An updated version of an old blog post from the 10th anniversary of the Columbine High School shooting. I don’t have a lot of new thoughts to add, but I think it’s important that we remember.
Every generation has a defining moment. Everybody has days that will foever be ingrained in their memory. While there are have been a number of those moments and days in my own life, there are few that I remember with such emotional clarity as April 20, 1999.
It was on this day 12 years ago that news quickly spread across the country of the horrific events at Columbine High School in Littleton, Colorado. Two armed students entered the school, opening fire and tossing homemade bombs killing 12 students and a teacher and then turning their guns on themselves.
I remember coming home from school that day (I was in 8th grade, which in my district is included at the high school) and being glued to the coverage on CNN. Fear, grief and uncertainty overcame me as I watched the continuing reports. There are images (like the one above) that will be forever ingrained in my memory from that day. Students running for their lives out the door of their high school, a place that up until that point had always seemed to be a “safe” place. No high school would ever again be considered “safe.”
Even more than the media coverage, though, I was shaken to the core by the stories that began emerging regarding the supposed martyrdom of Rachel Scott and Cassie Bernall. I had heard ancient stories of people who had been killed for their faith, but the emerging stories (whether fully true or not) of these girls being questioned about their faith in God or being targeted in the shooting for their Christian faith made such martyrdom a reality. These girls were just like me – typical American teenagers who happened to be actively involved in their churches – and in an instant they were gone.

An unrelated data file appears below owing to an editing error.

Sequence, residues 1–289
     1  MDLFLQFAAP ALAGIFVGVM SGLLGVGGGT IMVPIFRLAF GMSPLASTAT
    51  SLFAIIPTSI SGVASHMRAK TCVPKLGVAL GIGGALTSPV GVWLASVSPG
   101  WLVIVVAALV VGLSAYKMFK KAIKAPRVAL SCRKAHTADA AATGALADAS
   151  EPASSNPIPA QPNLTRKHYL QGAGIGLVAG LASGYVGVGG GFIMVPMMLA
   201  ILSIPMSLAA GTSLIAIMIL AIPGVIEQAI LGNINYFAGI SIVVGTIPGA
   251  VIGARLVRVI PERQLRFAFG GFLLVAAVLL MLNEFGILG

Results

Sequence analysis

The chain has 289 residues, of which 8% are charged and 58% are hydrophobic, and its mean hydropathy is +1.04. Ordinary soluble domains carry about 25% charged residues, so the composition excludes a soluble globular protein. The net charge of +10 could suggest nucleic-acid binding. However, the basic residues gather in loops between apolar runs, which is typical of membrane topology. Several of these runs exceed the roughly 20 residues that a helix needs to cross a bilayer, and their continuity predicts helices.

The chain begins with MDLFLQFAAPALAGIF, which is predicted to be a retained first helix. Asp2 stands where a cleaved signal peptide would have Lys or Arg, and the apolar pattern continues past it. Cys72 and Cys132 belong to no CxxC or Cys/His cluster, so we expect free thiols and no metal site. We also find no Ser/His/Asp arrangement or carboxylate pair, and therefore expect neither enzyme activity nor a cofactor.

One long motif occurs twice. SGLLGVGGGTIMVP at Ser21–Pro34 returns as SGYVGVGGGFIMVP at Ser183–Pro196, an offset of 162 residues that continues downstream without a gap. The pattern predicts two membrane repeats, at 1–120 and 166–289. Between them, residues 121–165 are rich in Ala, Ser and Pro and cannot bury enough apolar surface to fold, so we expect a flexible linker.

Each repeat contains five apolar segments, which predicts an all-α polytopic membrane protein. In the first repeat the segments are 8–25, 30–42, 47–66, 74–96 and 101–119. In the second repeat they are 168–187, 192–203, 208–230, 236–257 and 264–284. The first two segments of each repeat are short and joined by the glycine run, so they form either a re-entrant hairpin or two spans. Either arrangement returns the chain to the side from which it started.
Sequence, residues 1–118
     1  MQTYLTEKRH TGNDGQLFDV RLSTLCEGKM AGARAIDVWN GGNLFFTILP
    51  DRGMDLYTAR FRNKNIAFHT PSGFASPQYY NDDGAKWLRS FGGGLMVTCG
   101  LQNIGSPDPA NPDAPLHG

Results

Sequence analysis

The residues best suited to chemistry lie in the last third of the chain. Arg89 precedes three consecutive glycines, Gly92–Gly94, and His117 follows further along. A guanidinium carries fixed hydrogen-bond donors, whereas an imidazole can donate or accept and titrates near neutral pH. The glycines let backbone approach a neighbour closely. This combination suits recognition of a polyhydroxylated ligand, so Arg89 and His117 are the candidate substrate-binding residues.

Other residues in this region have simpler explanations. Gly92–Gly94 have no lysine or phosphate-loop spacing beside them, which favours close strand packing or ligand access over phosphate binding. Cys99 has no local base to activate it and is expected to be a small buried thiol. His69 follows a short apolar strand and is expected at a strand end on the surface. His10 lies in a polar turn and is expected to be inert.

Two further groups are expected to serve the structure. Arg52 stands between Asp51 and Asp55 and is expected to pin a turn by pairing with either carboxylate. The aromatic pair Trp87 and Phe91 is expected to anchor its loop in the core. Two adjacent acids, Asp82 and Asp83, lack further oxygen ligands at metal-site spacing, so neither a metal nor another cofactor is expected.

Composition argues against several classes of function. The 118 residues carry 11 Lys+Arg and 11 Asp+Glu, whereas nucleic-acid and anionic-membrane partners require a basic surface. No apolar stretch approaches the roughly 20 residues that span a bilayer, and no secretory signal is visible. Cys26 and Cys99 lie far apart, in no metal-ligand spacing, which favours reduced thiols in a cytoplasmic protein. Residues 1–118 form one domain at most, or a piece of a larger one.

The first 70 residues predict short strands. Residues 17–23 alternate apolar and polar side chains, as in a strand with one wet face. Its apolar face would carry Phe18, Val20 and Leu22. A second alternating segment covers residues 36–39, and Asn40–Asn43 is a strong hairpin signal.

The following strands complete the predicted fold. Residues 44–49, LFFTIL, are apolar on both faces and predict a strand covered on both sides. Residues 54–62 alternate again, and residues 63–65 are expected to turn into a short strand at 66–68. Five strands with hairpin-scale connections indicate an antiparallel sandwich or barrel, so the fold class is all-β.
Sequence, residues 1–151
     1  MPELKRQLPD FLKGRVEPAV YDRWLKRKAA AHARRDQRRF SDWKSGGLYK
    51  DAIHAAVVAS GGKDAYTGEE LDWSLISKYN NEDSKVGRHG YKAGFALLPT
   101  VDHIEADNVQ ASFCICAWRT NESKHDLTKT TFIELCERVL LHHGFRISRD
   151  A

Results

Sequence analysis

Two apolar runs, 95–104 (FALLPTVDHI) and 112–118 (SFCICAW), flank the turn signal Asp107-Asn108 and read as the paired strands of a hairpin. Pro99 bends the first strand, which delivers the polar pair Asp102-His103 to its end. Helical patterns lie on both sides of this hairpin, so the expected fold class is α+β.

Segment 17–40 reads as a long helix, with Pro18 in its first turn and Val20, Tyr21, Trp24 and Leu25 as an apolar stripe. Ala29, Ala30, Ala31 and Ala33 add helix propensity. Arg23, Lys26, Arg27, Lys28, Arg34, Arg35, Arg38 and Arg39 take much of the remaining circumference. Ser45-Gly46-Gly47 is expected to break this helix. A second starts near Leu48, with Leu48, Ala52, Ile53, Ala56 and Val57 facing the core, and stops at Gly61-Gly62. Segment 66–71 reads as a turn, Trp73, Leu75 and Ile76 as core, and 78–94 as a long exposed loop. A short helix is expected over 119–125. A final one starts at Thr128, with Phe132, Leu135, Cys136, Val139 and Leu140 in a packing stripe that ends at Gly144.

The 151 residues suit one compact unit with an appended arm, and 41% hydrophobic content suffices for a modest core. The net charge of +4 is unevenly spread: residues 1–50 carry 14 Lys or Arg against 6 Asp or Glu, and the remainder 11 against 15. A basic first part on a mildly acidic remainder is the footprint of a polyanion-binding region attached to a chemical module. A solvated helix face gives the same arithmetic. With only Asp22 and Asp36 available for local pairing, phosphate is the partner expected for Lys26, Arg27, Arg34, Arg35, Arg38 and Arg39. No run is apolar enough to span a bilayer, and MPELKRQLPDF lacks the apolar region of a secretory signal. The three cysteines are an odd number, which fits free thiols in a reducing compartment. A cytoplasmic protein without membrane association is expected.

In light of this year’s 12th anniversary of the shooting, I am reminded of some of the books on my shelf about the stories of these two girls: Rachel’s Tears and She Said Yes. I first read these books in high school, and re-reading them always allows me to revisit some of the emotions and challenges that I faced as a high schooler dealing with the nation wide impact of the events at Columbine.
Now, 12 years later, I choose to remember: not the violence and tragedy of that day, but rather the hope that I have seen rising up as a result. The events that took place on April 20, 1999 will forever be etched on our minds and hearts – may we rise to the challenges, remember the lost, and embrace the hope of healing.